LHS Teacher’s COVID Test Innovation should replace Saliva Testing

Sreenidhi Dharmaraj

Most communities offer nasal COVID-19 testing where long white swabs are shoved up people’s noses or saliva testing participants are required to spit several times into a test tube. Although this testing is necessary, many people quickly became exhausted with the procedures—at least in the Lexington High School community.  

To remedy this issue, biology teacher Trashe Laab designed her very own highly efficient COVID-19 testing system. 

“I heard people complaining about their COVID testing experiences in the hallway the other day and wanted to make a difference for people all over the country facing the same problem. I decided to start with my students,” Laab said.

“At this point, all of us were sick of the swabbing and spitting—our throats were dry and our noses burned. Testing became an extremely unpleasant task to accomplish. So when Ms. Laab came up to us and asked whether she could run test trials on us, of course, we said yes,” Ginny Pyg, a sophomore who participated in Laab’s trials, said.

Laab conducted multiple trials beginning in January, testing several methods until one seemed to work consistently. 

The innovative testing strategy works as follows: instead of giving computer tests as students have been used to this year, Laab uses standard paper tests bordered with glue, freshly from the hot glue gun. Students apply the glue just before starting the test so that the minuscule COVID-19 particles would be captured from their breaths. Then, those tests are placed into separate plastic bags for isolation. In her makeshift lab behind two of the school’s trash cans, Laab runs the standard exam procedures on them with cotton swabs and swiftly disposes of them.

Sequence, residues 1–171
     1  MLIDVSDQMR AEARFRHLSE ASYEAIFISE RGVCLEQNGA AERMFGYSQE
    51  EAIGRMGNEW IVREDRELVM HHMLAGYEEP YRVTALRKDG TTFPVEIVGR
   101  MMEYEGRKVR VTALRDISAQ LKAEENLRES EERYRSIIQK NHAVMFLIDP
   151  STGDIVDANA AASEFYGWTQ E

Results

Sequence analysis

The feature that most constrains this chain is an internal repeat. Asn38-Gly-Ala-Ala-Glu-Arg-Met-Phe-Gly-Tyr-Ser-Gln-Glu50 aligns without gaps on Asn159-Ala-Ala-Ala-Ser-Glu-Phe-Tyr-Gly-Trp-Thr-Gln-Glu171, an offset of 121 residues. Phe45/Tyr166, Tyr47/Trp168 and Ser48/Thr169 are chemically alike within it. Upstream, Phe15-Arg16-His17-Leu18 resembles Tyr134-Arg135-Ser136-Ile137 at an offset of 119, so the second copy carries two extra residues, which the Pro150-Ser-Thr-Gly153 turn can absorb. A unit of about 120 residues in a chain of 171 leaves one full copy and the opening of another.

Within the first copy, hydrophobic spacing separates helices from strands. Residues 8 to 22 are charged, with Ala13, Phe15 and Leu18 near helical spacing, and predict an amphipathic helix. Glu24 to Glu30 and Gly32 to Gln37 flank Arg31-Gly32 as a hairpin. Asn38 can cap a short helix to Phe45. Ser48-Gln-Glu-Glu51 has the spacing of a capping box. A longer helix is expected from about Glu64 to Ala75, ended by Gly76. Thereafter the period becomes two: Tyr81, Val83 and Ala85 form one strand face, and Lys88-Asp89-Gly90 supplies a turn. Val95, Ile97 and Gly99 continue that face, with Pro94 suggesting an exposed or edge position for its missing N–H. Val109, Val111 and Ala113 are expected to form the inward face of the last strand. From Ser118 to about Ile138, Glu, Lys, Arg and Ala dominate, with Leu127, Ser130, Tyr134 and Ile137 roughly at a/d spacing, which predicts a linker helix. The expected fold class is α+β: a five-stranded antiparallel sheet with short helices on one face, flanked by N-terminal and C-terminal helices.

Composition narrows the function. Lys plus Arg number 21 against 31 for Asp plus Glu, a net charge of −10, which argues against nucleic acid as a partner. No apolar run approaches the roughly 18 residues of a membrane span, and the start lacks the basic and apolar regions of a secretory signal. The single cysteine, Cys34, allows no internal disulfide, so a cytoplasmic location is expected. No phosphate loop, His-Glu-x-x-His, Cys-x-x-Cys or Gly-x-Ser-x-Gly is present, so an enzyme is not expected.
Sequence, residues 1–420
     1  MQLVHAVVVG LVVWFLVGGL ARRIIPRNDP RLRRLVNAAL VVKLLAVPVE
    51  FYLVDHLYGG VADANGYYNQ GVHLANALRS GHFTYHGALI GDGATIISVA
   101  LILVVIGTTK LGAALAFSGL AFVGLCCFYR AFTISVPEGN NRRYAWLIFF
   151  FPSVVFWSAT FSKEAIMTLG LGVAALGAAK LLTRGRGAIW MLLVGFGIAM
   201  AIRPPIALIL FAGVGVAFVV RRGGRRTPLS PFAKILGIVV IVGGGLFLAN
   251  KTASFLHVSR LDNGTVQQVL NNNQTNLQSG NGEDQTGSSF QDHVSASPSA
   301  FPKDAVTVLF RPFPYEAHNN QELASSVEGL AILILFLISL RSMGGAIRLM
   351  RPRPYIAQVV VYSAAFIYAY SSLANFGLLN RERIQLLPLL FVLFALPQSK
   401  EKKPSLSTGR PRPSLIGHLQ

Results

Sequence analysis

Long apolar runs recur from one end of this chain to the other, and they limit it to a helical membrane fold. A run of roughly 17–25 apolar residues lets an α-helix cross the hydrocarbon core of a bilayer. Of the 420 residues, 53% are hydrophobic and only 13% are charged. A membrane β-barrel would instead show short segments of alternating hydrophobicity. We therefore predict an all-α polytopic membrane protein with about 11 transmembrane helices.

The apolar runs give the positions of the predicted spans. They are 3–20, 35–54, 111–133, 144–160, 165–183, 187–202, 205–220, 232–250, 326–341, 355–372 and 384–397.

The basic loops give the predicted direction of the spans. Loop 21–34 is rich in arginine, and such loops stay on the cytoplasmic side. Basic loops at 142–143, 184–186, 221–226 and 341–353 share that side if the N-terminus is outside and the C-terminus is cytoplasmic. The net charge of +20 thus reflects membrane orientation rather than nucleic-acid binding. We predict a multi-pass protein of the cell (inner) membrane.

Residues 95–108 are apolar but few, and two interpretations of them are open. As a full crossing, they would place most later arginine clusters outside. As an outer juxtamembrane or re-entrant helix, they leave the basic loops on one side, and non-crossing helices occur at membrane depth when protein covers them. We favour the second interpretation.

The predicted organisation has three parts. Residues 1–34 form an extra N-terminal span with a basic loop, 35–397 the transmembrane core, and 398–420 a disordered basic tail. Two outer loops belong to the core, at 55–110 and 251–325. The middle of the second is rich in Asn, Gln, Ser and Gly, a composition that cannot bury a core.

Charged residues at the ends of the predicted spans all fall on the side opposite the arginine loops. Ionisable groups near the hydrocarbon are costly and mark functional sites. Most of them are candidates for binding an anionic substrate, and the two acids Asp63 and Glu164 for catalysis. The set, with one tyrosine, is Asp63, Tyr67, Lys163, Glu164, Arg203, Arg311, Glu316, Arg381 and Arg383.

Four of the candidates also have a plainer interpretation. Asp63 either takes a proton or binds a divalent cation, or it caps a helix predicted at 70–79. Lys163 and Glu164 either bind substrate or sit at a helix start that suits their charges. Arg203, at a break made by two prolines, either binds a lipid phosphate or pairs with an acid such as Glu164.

Although many may think it unconventional, Laab’s design could be implemented nationally, and even replace traditional testing mechanisms. 

The experiment’s immense success in keeping students safe and relaxed at home while also effectively testing them further merits its adoption by communities everywhere. 

Saliva testing and swabbing made commuting much more difficult for many teachers at LHS. 

“I had to walk over to the testing location, right across from the school after this extremely unpleasant day with a bunch of screaming high school toddlers, and suddenly there’s more talking and spitting to do, and more leaning over,” Pan Demique, an AP United States History teacher who recently got a COVID-19 test, said. “But it was my only option at the time. Now that Ms. Laab’s introduced this new and improved testing system, travel has been completely eliminated! I just need to do my job.”

The United States National Institute of Allergy and Infectious Diseases (NIAID) director, Dr. Anthony Fauci, came to LHS himself to compliment and encourage the distribution of Laab’s tests. 

“It’s truly heartwarming to see this because, after this revolutionary procedure, people won’t need to suffer through the old tests, and they won’t even remember if they tested positive or not,” Fauci said. 

He’s right because they would have a more fatal heart attack while viewing their grades.

“I think this is a much easier and incentivizing way to get people to stay safe. Pass the COVID-19 test and you pass the class,” Pyg said. 

He also came to announce the expansion of the testing system to account for those who are not students. 

“The procedure can also expand to documents that can be turned-in to someone’s boss, who would keep track of their tests,” Fauci said. 

Laab has made a massive contribution to the scientific world, generating a safe, unique, and painless way to administer the much-needed COVID-19 tests. It should be widely recognized by everyone that LHS’s own staff member created a life-saving testing method which was not in vain.